The Medieval Review 17.12.24

Thomson, R. M. A Descriptive Catalogue of the Medieval Manuscripts in the Library of Peterhouse, Cambridge. Woodbridge: D.S.Brewer, 2016. pp. 230.

Reviewed by:

Kristin Uscinski
SUNY Purchase College

In this impressively produced volume, Rodney Thomson provides both the relevant context of the Peterhouse medieval manuscript collection and comprehensive descriptions of its almost 300 manuscripts. Thomson, who has also written catalogues for Lincoln Cathedral (1989), Hereford Cathedral (1993), Worcester Cathedral (2001), Merton College, Oxford (2009), and Corpus Christi College, Oxford (2011), continues his careful cataloging tradition with the exceptional collection of Peterhouse. In his introduction, Thomson equips his audience with a framework in which to situate the manuscripts that follow. Peterhouse, founded in 1284 by the bishop of Ely, is the oldest of Cambridge's colleges and boasts of 277 complete manuscripts and 300 manuscript fragments, almost all of which are medieval. Unlike many medieval texts, the ownership of many of these texts is well documented (xvii). Thomson takes the reader through the manuscript owners--who were primarily fellows of the College--and explains the relationships between text and owner, when possible. Aside from brief references to earlier books or loans of books, most of the information pertaining to the library's collection and the library room dates to the fifteenth century (xx). Thomson's description of the early fifteenth-century library room--it probably faced Trumpington Street, building materials included tile, Baltic pine, and lead, there was a brazier on the floor and venting in the ceiling, windows, desks and partitions in the main space, and room above where students resided (xxi-xxiii)--is particularly welcome and sets the physical scene for the cerebral contents of the collection. There are references to chained volumes and blank space left in the library's inventory, which offer a sense of a living, medieval library. This medieval library's life, however, was interrupted by the Reformation and by many books disappearing during circulation to the fellowship. Throughout the course of the seventeenth and eighteenth centuries, numerous manuscripts were damaged and vandalized (xxxviii-xxxix).

Many of Peterhouse's manuscripts are legal, theological, and philosophical texts. Augustine and Thomas Aquinas are particularly well represented. Peterhouse also boasts of three Latin Vulgates (MS 44, 45, and 46) and two copies of Jacobus de Voragine's Legenda Aurea (MS 131 and 132). Medical historians will be pleased to note several inclusions of medical manuscripts, produced in Italy, France, and England and ranging from the thirteenth through the fifteenth centuries. The majority of these manuscripts are treatises by well-known authors (such as Hippocrates, Galen, and Bernard of Gordon), but a few (MS 87, 222, and 247) contain anonymous recipes in Latin. Peterhouse's collection is almost entirely in Latin--the exceptions being the Middle English Equatorie of the Planetis (MS 75) and Brut with Continuations (MS 190)--and most date from the fourteenth or fifteenth century. The manuscripts are largely identified as Italian or English. The surviving manuscript fragments attest to many more volumes that fit this same general profile but which no longer exist in their entirety. The same legal and scholastic types of works are represented, most of which are also in Latin. Those manuscripts no longer in the main collection include several medical and scientific volumes, which are now to be found at in other Cambridge college libraries, as well as the British Library, the Bodleian, and the Royal College of Physicians.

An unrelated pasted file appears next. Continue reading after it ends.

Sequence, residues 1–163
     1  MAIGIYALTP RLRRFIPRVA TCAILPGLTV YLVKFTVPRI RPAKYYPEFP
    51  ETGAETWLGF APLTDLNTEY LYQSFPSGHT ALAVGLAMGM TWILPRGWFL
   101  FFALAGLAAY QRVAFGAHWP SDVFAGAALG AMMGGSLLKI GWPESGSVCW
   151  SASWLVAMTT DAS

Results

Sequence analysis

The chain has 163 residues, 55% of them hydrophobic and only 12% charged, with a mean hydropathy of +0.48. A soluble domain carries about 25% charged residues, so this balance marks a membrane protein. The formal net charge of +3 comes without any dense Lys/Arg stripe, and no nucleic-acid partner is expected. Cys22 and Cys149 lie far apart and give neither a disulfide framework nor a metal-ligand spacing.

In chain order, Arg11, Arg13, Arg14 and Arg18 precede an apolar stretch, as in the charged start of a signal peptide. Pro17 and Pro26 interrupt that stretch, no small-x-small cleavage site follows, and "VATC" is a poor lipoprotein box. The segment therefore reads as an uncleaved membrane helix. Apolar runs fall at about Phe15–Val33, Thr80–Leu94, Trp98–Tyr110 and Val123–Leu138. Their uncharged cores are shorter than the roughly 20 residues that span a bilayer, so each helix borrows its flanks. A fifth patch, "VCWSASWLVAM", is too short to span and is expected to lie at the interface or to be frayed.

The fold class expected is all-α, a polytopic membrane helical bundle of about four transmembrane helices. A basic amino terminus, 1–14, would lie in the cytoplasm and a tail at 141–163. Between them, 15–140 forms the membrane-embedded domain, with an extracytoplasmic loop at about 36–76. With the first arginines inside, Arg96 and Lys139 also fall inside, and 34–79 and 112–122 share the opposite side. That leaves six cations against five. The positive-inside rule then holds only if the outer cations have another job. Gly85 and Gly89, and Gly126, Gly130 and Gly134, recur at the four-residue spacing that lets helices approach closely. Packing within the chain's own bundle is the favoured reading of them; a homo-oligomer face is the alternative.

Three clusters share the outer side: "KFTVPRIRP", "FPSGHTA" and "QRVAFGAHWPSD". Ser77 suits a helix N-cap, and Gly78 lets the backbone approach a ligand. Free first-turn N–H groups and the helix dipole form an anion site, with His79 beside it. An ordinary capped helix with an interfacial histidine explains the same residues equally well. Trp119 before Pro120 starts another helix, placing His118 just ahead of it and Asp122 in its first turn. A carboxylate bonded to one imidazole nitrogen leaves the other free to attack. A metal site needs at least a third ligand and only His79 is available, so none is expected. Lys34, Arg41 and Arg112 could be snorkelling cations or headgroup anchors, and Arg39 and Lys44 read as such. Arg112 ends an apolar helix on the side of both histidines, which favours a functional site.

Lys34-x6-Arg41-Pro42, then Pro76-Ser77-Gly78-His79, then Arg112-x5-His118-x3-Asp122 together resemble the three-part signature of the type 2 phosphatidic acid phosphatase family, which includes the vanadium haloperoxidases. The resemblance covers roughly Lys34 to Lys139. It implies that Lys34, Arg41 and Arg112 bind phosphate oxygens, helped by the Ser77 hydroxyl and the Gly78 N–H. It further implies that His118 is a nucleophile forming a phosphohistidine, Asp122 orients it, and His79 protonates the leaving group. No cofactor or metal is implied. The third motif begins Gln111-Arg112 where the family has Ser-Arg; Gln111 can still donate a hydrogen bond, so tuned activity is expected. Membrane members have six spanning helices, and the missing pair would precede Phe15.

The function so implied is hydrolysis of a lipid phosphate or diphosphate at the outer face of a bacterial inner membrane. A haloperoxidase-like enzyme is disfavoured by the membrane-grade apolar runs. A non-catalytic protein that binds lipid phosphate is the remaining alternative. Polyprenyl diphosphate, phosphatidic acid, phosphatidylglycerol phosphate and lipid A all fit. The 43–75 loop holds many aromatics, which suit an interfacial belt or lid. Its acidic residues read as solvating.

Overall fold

Thomson provides the reader with a good sense of both the physical manuscript and its contents. Each of the 290 manuscript entries contains a thorough physical description of the manuscript (date, geographic region, numbers of folios, measurements, script, possible damage, and identifying signatures), its contents, and whether it has evidence of chaining. Thomson includes such details as staining, ruling, and writing materials like crayon and pencil; even when rodents have nibbled at the folios. Each entry is accompanied by an entry for the history of the text which relates when the manuscript first appeared in the Peterhouse collection. A final entry on "Bibliography," instructs the reader as to where he or she can find the manuscript in the earlier catalogue by M. R. James or indeed any other text that cites it. Appendix A provides all such information for the manuscript fragments in Peterhouse's Printed Books, where possible; and Appendix B does the same for those medieval manuscripts no longer in the library's collection. Also included are an "Index of Manuscripts and Printed Books" and a "General Index," for easy reference. Finally, Thomson includes 109 color plates of the manuscripts and their bindings as well as five plates that show what remains of the medieval library structure.

This catalogue is the more careful and inclusive heir of the 1899 catalogue by M. R. James. Thomson's entries are much more descriptive and incorporate each manuscript's internal divisions, based on manuscript incipits and scribal hands. With this catalogue in hand, scholars will have little trouble determining what items will be of most use to them, and they will be able to fully appreciate Peterhouse's medieval library.

Copyright (c) 2018 Kristin Uscinski

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